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Next: 1.3.3 EM Lifetime Extrapolation Up: 1.3 Empirical and Semi-Empirical Previous: 1.3.1 Black's Equation

1.3.2 Resistance Increase and Void Growth

EM experiments normally use a given resistance increase as failure criterion. For a void spanning the entire cross sectional area of a line, the total resistance of a damascene line, as shown in Figure 1.5, is given by

$\displaystyle R = \frac{\symElecRes_{barrier}\Delta l}{A_{barrier}} + \frac{\symElecRes_{Cu}(\symL - \Delta l)}{A_{Cu}},$ (1.8)

where $ \symElecRes_{barrier}$ is the electrical resistivity and $ A_{barrier}$ is the cross sectional area of the barrier layer, $ \symElecRes_{Cu}$ is the electrical resistivity and $ A_{Cu}$ is the cross sectional area of the copper line, $ \symL$ is the line length, and $ \Delta l$ is the length of the void. Thus, this equation relates resistance increase with void size. In turn, void size is connected to mass transport, which is expressed in the form [57]

$\displaystyle \JA = \CA\symDriftVel = \CA\frac{\symIntThickness}{h}\frac{\DA}{\kB\T}\Z\ee\symElecRes\symCurrDens,$ (1.9)

where $ \CA$ is the atomic concentration, $ \symDriftVel = \Delta l/\Delta t$ is the drift velocity, $ \symIntThickness$ is the width of the interface which controls mass transport, $ h$ is the line height, $ \DA$ is the atomic diffusivity of the interface which dominates the EM transport, $ \Z$ is the effective valence, $ \ee$ is the elementary charge, $ \symElecRes$ is the electrical resistivity, and $ \symCurrDens$ is the current density.

Figure 1.5: Void growth in a single-damascene copper interconnect.

The atomic flux can also be written as [22]

$\displaystyle \JA = \frac{\CA\Delta V}{A_{Cu}\Delta t},$ (1.10)

where $ \Delta V$ is the change of the void volume in a time $ \Delta t$. Combining (1.9) and (1.10) yields

$\displaystyle \Delta t = \frac{h\kB\T}{\symIntThickness\DA\Z\ee\symElecRes\symCurrDens A_{Cu}}\Delta V,$ (1.11)

so that a given test time $ t$ is related to the void volume $ V_{void}$,

$\displaystyle t = \frac{h\kB\T}{\symIntThickness\DA\Z\ee\symElecRes\symCurrDens A_{Cu}}V_{void}.$ (1.12)

Equation (1.12) is commonly used for estimation of the void growth time. In turn, a critical void volume is related to the line resistance according to (1.8). Thus, the time to failure for a given resistance increase criterion can be determined.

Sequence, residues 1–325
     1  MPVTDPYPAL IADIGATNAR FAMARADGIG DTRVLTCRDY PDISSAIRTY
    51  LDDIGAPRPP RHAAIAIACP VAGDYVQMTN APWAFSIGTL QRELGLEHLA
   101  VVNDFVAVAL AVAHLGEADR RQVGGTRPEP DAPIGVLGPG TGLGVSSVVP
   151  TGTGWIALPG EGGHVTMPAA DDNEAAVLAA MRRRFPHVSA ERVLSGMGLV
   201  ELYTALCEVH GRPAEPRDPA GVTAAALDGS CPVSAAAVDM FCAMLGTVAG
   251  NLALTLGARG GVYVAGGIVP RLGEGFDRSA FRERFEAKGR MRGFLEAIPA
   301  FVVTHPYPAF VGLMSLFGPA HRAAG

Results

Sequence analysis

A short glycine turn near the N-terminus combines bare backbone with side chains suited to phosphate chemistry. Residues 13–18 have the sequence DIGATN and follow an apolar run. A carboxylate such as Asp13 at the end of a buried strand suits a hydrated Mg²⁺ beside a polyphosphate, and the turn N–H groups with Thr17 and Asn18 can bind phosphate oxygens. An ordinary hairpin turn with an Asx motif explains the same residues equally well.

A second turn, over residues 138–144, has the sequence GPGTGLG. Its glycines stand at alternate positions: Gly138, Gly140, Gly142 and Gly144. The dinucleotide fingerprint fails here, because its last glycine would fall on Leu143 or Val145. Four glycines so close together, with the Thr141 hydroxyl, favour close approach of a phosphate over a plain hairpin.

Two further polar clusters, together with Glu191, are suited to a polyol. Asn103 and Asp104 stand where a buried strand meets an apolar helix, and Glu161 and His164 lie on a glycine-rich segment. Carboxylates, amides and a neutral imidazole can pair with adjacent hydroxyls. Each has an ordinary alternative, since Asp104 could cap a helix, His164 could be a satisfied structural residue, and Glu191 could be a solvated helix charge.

An interesting application of such an approach was performed by Hauschildt et al. [20,22]. For a void spanning the entire line width, $ w$, and assuming a rectangular void shape, the void volume becomes $ V_{void}=wA_{void}$, and (1.12) yields

$\displaystyle t = \frac{wh\kB\T}{\symIntThickness\DA\Z\ee\symElecRes\symCurrDens A_{Cu}}A_{void},$ (1.13)

where $ A_{void}$ is the area of the void, which can be measured using SEM pictures. EM tests were then carried out and stopped after a given test time (called t-based by the authors) or after a certain resistance increase (R-based). In both cases, the void area mean value and standard deviation were determined. For the R-based tests the mean time to failure $ \symMTF$ can be determined which, in turn, can be used for the t-based experiments. Finally, using the void area statistical distribution of both tests and applying (1.13) a new distribution is obtained following [20,22]

$\displaystyle t = \frac{A^{R-based}}{A^{t-based}}\symMTF.$ (1.14)

Hence, once the statistics of the void area distribution for both test types is known, the distribution of the EM lifetimes can be estimated.

Equation (1.9) is also commonly used to extract the diffusivity from void drift experiments [57]. The drift velocity of the void boundary in Figure 1.5 is

$\displaystyle \symDriftVel = \frac{\symIntThickness}{h}\frac{\Z\DA}{\kB\T}\ee\symElecRes\symCurrDens = \frac{\Delta l}{\Delta t},$ (1.15)

which for a given test time $ t_{test}$ with a corresponding void length $ l_{void}$ can be rearranged as

$\displaystyle \Z\DA = \frac{h\kB\T}{\symIntThickness\ee\symElecRes\symCurrDens}\frac{l_{void}}{t_{test}}.$ (1.16)

Since $ \DA$ can be expressed by an Arrhenius relationship, the activation energy for diffusion can be extracted from a plot $ \ln(\Z\DA)$ versus $ 1/\kB\T$ [38].

next up previous contents
Next: 1.3.3 EM Lifetime Extrapolation Up: 1.3 Empirical and Semi-Empirical Previous: 1.3.1 Black's Equation

R. L. de Orio: Electromigration Modeling and Simulation